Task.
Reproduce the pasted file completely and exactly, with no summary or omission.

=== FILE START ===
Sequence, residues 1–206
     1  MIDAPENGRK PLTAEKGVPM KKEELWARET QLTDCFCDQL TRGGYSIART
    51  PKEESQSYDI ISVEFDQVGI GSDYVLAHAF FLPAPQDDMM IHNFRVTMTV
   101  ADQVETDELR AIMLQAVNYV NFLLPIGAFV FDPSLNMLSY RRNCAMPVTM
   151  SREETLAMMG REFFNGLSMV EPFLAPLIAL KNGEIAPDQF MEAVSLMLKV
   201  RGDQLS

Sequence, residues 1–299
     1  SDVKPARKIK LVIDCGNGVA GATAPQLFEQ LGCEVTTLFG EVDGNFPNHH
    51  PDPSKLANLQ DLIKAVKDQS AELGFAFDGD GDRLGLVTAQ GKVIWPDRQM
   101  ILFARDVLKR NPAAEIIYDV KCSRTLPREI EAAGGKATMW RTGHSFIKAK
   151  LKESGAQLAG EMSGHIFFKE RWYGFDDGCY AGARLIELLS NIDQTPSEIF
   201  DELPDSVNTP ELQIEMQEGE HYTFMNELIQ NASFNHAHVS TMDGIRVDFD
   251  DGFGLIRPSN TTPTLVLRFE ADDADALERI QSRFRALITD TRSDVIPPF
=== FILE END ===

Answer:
Sequence, residues 1–206
     1  MIDAPENGRK PLTAEKGVPM KKEELWARET QLTDCFCDQL TRGGYSIART
    51  PKEESQSYDI ISVEFDQVGI GSDYVLAHAF FLPAPQDDMM IHNFRVTMTV
   101  ADQVETDELR AIMLQAVNYV NFLLPIGAFV FDPSLNMLSY RRNCAMPVTM
   151  SREETLAMMG REFFNGLSMV EPFLAPLIAL KNGEIAPDQF MEAVSLMLKV
   201  RGDQLS

Sequence, residues 1–299
     1  SDVKPARKIK LVIDCGNGVA GATAPQLFEQ LGCEVTTLFG EVDGNFPNHH
    51  PDPSKLANLQ DLIKAVKDQS AELGFAFDGD GDRLGLVTAQ GKVIWPDRQM
   101  ILFARDVLKR NPAAEIIYDV KCSRTLPREI EAAGGKATMW RTGHSFIKAK
   151  LKESGAQLAG EMSGHIFFKE RWYGFDDGCY AGARLIELLS NIDQTPSEIF
   201  DELPDSVNTP ELQIEMQEGE HYTFMNELIQ NASFNHAHVS TMDGIRVDFD
   251  DGFGLIRPSN TTPTLVLRFE ADDADALERI QSRFRALITD TRSDVIPPF